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King Crimson - Larks' Tongues In Aspic CD (album) cover


King Crimson


Eclectic Prog

4.42 | 2597 ratings

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5 stars King Crimson introduced a new era of excellence with this 1973 album. Featuring the classic rhythm section of new members Bill Bruford and John Wetton, their pulse gave life to a band in a newfound state of creative flux. With a vast assortment of textures and timbres, Larks' Tongues In Aspic does indeed have a little bit of everything from hard rock to world music. It is a treat for every listener who appreciates a good bit of Robert Fripp weirdness tempered with good melodies and vocal sweetness from John Wetton. With the addition of percussionist Jamie Muir and violinist David Cross and the colors that they bring, Larks' Tongues In Aspic becomes a chronicle of reinvention.

The lengthy experimental track "Larks' Tongues In Aspic Part I" starts off with an array of mallet percussion courtesy of Jamie Muir. This segues into the urgent violin of David Cross building tension and finally leading to an explosive guitar-driven crescendo, which is then followed by a polyrhythmic exercise showcasing the mighty Bruford/ Wetton rhythm section.

"Book of Saturdays" quiets things down with John Wetton's lead vocals over a nice mellow chord progression and lovelorn lyrics. It gives the listener a chance to recuperate from the sonic intensity of the opener. Overall, it's a nice tune, but it does come dangerously close to tranquilization rather than relaxation.

The mellow vibe continues with "Exiles". Although it is a beautiful song with a lush soundscape and a fine melody, it commands attention with John Wetton's soaring lead vocals and a lovely understated lead guitar solo by Robert Fripp.

The intensity returns with "Easy Money", perhaps the best song on Larks' Tongues In Aspic. John Wetton gives another excellent vocal, but this time it is much more intense. Cross provides more greatness in the string section, and Fripp performs some rather jazzy guitar heroics. It ends with the peculiar sounds of a laugh box, but it somehow fits in with attitude of the song.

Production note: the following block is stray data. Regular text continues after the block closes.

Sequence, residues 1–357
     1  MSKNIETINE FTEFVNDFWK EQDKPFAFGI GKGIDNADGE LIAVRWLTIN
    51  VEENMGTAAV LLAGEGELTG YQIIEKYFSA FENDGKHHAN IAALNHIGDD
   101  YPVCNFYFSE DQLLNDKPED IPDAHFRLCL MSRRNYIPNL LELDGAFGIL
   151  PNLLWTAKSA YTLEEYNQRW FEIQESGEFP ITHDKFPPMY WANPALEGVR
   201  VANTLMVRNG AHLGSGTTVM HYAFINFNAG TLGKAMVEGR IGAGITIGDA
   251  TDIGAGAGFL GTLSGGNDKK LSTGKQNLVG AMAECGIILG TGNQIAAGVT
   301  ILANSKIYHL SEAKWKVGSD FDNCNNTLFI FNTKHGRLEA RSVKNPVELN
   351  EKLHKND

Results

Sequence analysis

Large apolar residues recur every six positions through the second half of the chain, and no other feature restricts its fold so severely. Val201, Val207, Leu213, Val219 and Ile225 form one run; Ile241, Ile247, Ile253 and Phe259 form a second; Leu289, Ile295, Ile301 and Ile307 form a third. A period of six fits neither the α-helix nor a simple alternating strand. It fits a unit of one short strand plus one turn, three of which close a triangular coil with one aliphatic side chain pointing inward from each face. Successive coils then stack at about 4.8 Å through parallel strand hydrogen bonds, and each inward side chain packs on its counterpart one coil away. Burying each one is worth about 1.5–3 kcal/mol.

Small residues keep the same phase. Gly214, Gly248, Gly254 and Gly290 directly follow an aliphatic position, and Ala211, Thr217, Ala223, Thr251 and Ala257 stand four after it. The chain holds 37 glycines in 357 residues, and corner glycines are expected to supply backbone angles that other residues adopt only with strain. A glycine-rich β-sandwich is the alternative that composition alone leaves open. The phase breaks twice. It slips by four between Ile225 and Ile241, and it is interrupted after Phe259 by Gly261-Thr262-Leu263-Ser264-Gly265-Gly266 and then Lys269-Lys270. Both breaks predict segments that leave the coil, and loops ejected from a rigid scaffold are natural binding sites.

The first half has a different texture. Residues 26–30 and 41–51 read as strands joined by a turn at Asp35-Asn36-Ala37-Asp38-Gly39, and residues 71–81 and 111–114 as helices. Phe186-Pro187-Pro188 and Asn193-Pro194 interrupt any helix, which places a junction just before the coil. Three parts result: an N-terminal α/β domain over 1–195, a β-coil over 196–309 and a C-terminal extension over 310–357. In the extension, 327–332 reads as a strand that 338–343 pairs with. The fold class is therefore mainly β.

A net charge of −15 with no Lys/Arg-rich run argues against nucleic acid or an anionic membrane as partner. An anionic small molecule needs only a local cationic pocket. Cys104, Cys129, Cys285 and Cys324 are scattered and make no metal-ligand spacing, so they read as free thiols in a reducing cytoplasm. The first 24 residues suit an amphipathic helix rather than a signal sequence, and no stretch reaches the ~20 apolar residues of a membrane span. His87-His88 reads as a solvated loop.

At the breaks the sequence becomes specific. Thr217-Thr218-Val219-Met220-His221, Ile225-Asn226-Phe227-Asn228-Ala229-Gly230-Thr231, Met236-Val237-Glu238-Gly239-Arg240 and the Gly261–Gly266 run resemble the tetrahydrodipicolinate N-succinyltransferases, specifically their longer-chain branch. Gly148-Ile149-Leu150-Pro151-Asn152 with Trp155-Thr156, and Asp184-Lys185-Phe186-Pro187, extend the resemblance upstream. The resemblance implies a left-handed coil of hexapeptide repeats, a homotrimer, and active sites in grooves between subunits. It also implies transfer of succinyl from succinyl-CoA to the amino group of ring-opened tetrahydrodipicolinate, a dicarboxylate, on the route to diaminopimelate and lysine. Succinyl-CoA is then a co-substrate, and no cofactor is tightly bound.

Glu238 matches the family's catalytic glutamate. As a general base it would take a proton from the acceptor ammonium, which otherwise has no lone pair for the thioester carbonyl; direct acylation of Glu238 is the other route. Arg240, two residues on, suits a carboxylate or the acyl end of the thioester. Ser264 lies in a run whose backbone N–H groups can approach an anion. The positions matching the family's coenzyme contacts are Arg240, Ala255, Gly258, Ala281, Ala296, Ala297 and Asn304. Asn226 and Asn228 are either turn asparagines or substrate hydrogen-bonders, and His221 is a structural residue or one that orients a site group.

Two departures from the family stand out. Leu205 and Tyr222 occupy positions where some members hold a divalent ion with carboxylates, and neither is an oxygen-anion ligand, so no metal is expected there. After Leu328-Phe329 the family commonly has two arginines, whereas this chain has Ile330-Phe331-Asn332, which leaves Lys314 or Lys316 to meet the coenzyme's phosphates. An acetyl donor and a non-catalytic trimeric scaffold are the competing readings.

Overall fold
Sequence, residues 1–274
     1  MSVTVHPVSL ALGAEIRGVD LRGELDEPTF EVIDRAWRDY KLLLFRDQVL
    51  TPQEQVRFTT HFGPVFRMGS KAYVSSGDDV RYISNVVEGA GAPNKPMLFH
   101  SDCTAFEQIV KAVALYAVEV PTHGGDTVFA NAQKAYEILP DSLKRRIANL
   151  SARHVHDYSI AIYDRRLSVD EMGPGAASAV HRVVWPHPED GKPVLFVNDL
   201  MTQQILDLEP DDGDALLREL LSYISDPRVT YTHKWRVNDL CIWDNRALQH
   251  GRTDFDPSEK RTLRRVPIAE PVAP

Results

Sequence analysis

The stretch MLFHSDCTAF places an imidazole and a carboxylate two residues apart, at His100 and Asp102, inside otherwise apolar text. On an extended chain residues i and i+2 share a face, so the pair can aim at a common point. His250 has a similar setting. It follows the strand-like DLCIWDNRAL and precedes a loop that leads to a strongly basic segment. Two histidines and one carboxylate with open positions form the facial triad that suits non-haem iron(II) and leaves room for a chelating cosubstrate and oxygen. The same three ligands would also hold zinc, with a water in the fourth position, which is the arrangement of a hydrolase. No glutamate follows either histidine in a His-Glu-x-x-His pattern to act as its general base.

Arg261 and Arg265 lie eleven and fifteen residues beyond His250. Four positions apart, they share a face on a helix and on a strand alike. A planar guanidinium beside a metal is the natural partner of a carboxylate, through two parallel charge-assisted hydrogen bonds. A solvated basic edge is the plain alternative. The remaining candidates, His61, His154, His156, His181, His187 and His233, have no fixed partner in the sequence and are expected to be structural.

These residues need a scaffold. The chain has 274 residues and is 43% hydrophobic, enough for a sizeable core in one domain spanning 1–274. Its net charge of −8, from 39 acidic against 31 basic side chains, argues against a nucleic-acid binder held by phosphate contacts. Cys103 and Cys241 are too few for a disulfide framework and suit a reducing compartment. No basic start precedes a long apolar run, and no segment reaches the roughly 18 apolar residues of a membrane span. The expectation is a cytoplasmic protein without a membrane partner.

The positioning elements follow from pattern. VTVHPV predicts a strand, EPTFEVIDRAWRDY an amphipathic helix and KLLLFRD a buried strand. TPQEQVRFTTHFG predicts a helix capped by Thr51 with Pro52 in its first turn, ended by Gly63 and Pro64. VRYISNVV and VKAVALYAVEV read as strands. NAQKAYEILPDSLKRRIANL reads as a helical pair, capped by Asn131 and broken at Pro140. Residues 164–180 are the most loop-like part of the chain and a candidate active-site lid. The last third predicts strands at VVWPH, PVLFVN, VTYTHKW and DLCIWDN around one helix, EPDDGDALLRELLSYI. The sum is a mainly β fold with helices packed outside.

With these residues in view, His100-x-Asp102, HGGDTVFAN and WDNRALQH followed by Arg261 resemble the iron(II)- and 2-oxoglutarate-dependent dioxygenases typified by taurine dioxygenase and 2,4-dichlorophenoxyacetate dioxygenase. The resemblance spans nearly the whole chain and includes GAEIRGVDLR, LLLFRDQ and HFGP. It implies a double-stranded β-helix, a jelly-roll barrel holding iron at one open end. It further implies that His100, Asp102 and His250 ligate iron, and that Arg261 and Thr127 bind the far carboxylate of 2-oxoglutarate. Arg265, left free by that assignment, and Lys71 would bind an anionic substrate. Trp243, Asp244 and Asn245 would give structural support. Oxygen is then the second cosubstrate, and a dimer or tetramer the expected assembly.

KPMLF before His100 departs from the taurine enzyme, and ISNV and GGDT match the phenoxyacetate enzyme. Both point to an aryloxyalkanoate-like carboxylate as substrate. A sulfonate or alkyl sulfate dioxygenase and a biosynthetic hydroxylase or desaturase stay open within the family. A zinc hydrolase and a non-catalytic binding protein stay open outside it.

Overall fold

"The Talking Drum" comes next, and it recounts the experimentation of the opener. This dynamic track starts off very quietly before building to a crescendo of Cross' Middle Eastern-influenced violin over the tight Bruford/ Wetton pulse and leading to Fripp's screaming lead guitar at maximum volume.

"Larks' Tongues In Aspic Part II" closes the album, and there is a good reason why the Crims continued to perform this song well into the 21st century. It is an extraordinary instrumental with heavy guitar riffs, powerful drums, and incredible bass guitar. The Bruford/ Wetton rhythm section are at their finest on this closer.

The greatness of King Crimson may very well have been in doubt in 1973, but those doubts were put to rest with the release of this album. Although they would continue to reinvent themselves at various points throughout their lengthy history, this reinvention was one for the ages, and this album is an absolute classic. It is indeed essential, and I gladly give it 5 stars.

jimidom | 5/5 |


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